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Linux commands: uname

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A quick guide to the `uname` command, used to print details about the current machine and the operating system running on it

Calling uname without any options will return the Operating System codename:

The m option shows the hardware name (x86_64 in this example) and the p option prints the processor architecture name (i386 in this example):

The s option prints the Operating System name. r prints the release, v prints the version:

The n option prints the node network name:

The a option prints all the information available:

On macOS you can also use the sw_vers command to print more information about the macOS Operating System. Note that this differs from the Darwin (the Kernel) version, which above is 19.6.0.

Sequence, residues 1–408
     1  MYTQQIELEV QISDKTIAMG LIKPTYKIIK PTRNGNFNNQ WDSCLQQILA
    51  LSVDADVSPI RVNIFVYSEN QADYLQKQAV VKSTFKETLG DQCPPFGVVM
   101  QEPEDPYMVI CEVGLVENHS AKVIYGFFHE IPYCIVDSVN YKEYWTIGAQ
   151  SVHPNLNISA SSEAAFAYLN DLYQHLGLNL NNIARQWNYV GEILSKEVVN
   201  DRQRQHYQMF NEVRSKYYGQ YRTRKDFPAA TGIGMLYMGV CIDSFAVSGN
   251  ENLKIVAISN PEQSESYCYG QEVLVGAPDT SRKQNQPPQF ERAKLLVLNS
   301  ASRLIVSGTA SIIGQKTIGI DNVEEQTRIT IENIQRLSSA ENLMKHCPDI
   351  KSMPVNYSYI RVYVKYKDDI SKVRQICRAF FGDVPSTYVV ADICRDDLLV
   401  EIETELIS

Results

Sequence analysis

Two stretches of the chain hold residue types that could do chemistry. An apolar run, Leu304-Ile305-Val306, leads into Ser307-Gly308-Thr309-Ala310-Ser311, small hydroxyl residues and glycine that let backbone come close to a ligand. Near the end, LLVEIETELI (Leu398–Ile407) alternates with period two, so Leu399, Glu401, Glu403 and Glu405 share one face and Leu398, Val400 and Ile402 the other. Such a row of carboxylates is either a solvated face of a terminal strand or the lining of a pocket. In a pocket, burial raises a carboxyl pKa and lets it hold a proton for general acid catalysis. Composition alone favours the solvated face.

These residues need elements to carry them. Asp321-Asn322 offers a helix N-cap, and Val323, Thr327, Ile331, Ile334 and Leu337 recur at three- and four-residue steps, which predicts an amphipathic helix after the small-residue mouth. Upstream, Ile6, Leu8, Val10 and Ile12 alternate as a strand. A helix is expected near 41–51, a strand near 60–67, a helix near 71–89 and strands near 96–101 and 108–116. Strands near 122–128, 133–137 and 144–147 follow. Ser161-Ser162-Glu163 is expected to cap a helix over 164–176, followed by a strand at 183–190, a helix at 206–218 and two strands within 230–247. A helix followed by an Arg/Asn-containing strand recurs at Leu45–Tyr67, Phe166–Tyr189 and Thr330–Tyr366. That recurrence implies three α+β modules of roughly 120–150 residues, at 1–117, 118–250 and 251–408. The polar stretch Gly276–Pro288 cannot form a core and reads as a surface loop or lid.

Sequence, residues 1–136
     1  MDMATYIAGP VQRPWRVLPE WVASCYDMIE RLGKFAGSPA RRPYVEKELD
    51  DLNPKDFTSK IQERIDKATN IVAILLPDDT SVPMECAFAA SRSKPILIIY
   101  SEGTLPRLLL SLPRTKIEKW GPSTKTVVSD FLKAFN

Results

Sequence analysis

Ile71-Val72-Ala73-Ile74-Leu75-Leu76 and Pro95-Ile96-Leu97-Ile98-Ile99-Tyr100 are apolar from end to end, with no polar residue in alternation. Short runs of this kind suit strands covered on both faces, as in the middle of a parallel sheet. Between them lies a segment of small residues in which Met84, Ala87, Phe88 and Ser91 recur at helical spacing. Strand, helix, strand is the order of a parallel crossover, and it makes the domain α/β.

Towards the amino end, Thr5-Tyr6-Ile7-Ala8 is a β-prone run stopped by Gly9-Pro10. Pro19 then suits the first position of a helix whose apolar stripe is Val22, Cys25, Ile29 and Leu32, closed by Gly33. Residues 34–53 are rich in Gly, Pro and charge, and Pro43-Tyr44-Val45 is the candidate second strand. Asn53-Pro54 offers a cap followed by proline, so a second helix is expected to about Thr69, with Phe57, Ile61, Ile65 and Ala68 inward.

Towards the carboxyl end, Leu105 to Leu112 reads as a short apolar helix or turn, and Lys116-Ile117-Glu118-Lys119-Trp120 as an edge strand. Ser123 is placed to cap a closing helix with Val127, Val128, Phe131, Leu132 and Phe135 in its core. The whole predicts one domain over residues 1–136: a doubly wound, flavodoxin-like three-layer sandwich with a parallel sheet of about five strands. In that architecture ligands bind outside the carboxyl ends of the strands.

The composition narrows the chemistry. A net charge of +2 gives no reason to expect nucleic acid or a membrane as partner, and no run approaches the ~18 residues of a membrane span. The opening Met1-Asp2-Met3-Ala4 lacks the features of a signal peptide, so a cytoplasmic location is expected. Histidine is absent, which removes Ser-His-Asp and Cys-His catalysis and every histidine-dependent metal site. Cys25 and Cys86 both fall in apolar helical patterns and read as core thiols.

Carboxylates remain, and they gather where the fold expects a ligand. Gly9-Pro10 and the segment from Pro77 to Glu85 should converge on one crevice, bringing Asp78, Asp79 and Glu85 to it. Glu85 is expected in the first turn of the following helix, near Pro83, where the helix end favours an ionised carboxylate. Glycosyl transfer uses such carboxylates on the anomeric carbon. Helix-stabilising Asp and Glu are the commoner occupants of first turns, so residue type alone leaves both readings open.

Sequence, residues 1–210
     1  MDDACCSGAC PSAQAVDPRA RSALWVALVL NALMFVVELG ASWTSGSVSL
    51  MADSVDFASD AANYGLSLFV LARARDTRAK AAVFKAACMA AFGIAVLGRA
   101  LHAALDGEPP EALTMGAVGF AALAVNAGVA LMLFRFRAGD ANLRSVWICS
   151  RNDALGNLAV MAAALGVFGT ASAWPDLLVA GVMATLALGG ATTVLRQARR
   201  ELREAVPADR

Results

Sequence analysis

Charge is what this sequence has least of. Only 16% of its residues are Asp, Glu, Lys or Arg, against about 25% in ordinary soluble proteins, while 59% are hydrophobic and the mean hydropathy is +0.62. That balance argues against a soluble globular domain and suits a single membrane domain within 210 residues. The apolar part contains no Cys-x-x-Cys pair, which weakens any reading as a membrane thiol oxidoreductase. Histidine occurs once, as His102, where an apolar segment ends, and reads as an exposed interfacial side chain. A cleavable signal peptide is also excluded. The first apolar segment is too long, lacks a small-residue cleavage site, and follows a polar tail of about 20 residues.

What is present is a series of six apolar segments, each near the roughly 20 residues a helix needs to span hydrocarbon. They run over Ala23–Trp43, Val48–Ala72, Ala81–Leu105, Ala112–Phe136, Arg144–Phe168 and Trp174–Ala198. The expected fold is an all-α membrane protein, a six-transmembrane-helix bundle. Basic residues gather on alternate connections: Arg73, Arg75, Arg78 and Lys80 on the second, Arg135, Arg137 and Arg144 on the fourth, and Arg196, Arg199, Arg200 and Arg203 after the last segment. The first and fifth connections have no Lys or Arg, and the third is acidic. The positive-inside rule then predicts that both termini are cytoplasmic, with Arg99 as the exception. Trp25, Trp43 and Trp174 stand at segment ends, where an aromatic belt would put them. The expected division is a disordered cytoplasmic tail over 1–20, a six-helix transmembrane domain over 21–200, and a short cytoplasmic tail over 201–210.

Darwin is the name of the kernel of macOS. The kernel is the “core” of the Operating System, while the Operating System as a whole is called macOS. In Linux, Linux is the kernel, GNU/Linux would be the Operating System name, although we all refer to it as “Linux”

The uname command works on Linux, macOS, WSL, and anywhere you have a UNIX environment

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